Trainer of Year is up for grabs in hotly contested battle
by Brett Sturman
Many trainers had outstanding seasons in 2021. The standings are filled with the usual large stable names who performed well relative to standard expectations, but also with up-and-coming conditioners who had breakout years.
There are a number of those trainers that deserve to be mentioned in support for the Trainer of the Year award.
Take for starters, Ron Burke. After a COVID-19-impacted 2020, Burke once again surpassed $20 million in seasonal earnings leading the way as usual by massive margins in earnings and wins. Top stakes performers for him included a win in the Little Brown Jug with Lou’s Pearlman, and other multiple stakes winners Blue Diamond Eyes, Atlanta, Cattlewash and the veteran This Is The Plan, to name a few.
Tony Alagna is another who had a strong year. He’s going to finish second in earnings behind only Burke, with a number that will likely be just shy of $8 million. He campaigned top 3-year-old pacers Abuckabett Hanover and Rockyroad Hanover, as well as the 2-year-old colt trotter Fast As The Wind who closed the season with a flourish.
Ake Svanstedt warrants a mention, too. He won two Breeders Crowns with Ecurie D Dk and Felicityshagwell S, and he may have been held in even higher regard if not for a mid-season injury to his Hambletonian hero, Captain Corey.
But for all intents and purposes, this year’s Trainer of the Year is going to come down to two individuals who know each other well, Richard “Nifty” Norman and Brett Pelling. Nifty used to be Pelling’s first trainer.
With Norman and Pelling sitting in fourth and seventh respectively in the trainers standing by earnings there’s been other trainers that have won more, but these two have been in control of the stakes landscape through many of the divisions this year. Horses from these two barns appear five times in the Top 11 ranked horses in the final Hambletonian Society/Breeders Crown poll.
Beginning with Norman, his two biggest guns were Bella Bellini and Venerable. Having two millionaire trotters in a single year is an amazing and rare feat, and they paved the way towards the stable’s total earnings of almost $5.9 million on the year. Much consideration should be given to Norman for that achievement alone. Those combined with 3-year-old pacing filly stars Grace Hill and Fire Start Hanover, and a host of additional 2-year-old talent such as Bluegrass winner and Breeders Crown elimination winner Lilbitalexis and Matron winner Joyride Hanover. All told, his stable won 135 times in 633 starts and currently stands with a UTRS of 0.345.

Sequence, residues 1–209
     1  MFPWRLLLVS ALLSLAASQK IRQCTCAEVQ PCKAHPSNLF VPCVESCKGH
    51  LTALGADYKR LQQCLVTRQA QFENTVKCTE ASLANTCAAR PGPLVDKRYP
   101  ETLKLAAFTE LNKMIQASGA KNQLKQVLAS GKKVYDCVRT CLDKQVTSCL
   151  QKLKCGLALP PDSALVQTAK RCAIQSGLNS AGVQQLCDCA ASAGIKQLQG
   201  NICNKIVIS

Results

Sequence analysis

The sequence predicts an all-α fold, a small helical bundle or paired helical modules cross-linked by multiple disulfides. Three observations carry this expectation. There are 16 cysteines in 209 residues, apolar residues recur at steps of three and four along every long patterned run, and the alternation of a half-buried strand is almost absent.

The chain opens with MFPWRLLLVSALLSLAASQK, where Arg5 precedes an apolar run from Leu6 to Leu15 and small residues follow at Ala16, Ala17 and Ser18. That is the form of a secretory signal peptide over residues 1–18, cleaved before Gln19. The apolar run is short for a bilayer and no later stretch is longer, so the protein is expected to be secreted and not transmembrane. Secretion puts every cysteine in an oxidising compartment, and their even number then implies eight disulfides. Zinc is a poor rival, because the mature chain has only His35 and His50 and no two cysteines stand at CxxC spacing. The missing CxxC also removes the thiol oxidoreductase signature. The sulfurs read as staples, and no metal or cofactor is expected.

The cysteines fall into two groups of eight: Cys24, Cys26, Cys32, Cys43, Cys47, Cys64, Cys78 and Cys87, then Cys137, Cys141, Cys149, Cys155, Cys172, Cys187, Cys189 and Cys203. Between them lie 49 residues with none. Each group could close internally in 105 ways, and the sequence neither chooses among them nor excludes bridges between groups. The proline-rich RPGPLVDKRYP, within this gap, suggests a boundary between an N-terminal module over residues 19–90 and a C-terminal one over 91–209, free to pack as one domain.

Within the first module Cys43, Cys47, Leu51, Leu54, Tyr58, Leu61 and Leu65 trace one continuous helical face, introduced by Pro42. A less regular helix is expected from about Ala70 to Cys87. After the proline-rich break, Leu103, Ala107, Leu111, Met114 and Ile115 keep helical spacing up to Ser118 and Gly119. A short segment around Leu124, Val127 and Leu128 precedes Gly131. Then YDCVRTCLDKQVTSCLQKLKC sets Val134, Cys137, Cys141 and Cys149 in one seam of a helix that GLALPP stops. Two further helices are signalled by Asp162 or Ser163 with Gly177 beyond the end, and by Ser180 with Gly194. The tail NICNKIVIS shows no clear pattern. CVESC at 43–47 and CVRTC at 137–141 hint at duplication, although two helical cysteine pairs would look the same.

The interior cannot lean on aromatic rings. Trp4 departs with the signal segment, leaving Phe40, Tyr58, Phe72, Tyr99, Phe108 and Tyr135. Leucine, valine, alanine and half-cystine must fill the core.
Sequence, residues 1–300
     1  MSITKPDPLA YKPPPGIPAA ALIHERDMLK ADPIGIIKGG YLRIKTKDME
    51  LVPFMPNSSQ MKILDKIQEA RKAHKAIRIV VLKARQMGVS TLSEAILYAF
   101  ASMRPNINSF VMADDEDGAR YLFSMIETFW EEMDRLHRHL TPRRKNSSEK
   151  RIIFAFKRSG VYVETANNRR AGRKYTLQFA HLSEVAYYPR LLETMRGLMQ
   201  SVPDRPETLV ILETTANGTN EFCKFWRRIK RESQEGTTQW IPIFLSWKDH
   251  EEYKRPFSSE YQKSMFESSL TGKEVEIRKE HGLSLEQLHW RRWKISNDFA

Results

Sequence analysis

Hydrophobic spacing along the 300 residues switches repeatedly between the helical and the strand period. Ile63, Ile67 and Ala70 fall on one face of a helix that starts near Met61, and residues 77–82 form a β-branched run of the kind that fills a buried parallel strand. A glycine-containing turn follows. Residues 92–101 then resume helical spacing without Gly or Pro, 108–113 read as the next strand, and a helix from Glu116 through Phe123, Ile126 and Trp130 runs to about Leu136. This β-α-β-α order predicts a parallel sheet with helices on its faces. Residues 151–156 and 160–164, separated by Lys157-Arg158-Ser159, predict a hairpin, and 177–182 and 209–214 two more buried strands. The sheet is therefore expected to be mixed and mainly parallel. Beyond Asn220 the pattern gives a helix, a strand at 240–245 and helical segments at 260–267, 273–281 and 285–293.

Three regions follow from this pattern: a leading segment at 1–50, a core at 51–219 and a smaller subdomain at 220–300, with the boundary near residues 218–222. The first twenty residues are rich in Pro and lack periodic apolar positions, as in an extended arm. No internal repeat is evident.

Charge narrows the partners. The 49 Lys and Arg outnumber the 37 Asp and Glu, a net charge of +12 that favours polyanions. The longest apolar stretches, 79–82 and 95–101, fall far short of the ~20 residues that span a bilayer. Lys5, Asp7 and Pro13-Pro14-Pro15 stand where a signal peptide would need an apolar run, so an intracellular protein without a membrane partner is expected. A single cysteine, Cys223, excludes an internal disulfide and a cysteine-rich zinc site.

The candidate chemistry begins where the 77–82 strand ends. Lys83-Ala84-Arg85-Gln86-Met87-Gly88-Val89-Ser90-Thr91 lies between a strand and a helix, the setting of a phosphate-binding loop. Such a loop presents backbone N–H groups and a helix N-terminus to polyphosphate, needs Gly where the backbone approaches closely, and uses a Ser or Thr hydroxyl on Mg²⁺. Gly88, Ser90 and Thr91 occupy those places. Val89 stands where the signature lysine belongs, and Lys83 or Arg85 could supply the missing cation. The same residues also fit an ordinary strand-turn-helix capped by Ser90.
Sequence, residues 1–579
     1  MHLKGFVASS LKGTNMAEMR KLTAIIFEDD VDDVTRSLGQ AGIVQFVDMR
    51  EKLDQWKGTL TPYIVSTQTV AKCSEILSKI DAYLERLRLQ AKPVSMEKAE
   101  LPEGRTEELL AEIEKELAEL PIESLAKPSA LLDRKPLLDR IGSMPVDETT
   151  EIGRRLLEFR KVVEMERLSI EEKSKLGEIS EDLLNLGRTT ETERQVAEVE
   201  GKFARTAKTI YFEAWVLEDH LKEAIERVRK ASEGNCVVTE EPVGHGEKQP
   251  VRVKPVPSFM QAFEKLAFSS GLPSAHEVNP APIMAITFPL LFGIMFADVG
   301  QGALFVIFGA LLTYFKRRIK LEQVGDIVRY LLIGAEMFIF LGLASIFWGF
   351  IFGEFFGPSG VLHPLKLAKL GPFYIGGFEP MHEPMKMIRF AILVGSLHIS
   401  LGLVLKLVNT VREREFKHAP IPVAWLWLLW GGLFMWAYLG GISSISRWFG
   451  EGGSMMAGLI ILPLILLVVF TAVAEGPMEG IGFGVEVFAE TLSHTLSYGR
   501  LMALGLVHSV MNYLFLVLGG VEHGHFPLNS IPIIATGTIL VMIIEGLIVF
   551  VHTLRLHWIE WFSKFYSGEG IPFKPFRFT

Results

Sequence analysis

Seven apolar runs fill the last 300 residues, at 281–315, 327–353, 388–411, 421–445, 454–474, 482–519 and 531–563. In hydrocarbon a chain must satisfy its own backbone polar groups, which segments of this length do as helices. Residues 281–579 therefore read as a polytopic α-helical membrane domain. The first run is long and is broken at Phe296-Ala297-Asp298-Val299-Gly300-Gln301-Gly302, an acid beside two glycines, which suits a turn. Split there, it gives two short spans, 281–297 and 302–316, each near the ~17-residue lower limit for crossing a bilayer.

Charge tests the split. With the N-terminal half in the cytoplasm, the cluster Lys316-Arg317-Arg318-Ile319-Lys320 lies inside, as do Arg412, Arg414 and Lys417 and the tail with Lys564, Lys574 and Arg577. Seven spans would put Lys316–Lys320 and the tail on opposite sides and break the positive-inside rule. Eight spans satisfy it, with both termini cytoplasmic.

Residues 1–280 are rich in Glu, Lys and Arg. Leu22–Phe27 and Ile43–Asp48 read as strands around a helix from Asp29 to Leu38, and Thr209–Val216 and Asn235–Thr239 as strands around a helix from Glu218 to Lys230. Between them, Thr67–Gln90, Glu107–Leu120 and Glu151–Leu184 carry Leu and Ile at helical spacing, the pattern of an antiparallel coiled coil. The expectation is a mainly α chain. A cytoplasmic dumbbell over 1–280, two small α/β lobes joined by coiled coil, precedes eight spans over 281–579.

Onto Pelling, he only started 323 horses this year but has put up a ridiculous UTRS of 0.462. No other trainer except for Nick Gallucci with anything more than limited starts has come close to that UTRS sported by Pelling. Pelling only had 323 starts, he won over 100 of them and his horses finished in the money 204 times. Numbers are one thing, but Pelling also has the horses to go with it including the top-ranked horse in harness racing, the 3-year-old filly pacer Test Of Faith.
And while Norman had two millionaire trainees’, Pelling wasn’t far off. Test Of Faith was a $1 million earner this year, and his 4-year-old pacer Allywag Hanover finished just below that seven-figure threshold at $942,000.
It’s one thing for trainers to win races with horses that are supposed to, but both Norman and Pelling did exceptional things with horses that would have never been expected to achieve so much success this time a year ago.
Did anyone ever hear of Bella Bellini months into this year? She went winless through seven starts only hitting the board a single time as a 2-year-old while earning just over $4,000 before being transformed into the best 3-year-old filly trotter this year. In addition to the Hambletonian Oaks, other signature wins include the Breeders Crown and Matron. Maybe not to the same turnaround extent in terms of numbers, Pelling was able to develop the always-fast Allywag Hanover from an erratic type into a free-for-all machine and carried that all the way through to the end of the year. His big wins include the McKee, Canadian Pacing Derby, Haughton, TVG Pace and a 1:46.4 record in the Allerage. Not to be overlooked, Pelling also trained When Dovescry to multiple stakes wins including getting the best of rival Atlanta to close out the year in the TVG Trot. A race by the way in which immense credit should be given to Norman for taking a shot with the 3-year-old Bella Bellini who raced huge from an outside post.
If the number of division winners plays into the equation, Norman would seem assured with two. Venerable in the 2-year-old filly trot division who should last over Joviality S, and Bella Bellini in the 3-year-old trot division. Pelling is also nearly guaranteed with two division winners as well: Test Of Faith in the 3-year-old filly pace division and Allywag Hanover in the older pacing division. There’s also a chance he gets a third, depending on how much support When Dovescry gets in the older trotting mare division against Atlanta and Manchego.
Horse of the Year seems to be coming down to Test Of Faith, and the Chris-Ryder trained Niki Hill, but I think it’s going to ultimately go to Test Of Faith. With a record of 14-2-0 in 16 starts against ultra-competitive competition, she’s deserving. Provided it goes that way, that would leave Norman and Pelling with razor-thin differences in their resumes, but Pelling would have Horse of the Year in Test Of Faith.
I don’t have a vote in the matter, but if I had to pick one or the other, I’d go ever so slightly to Pelling. Though a dead heat, as improbable as that is, would be more fitting.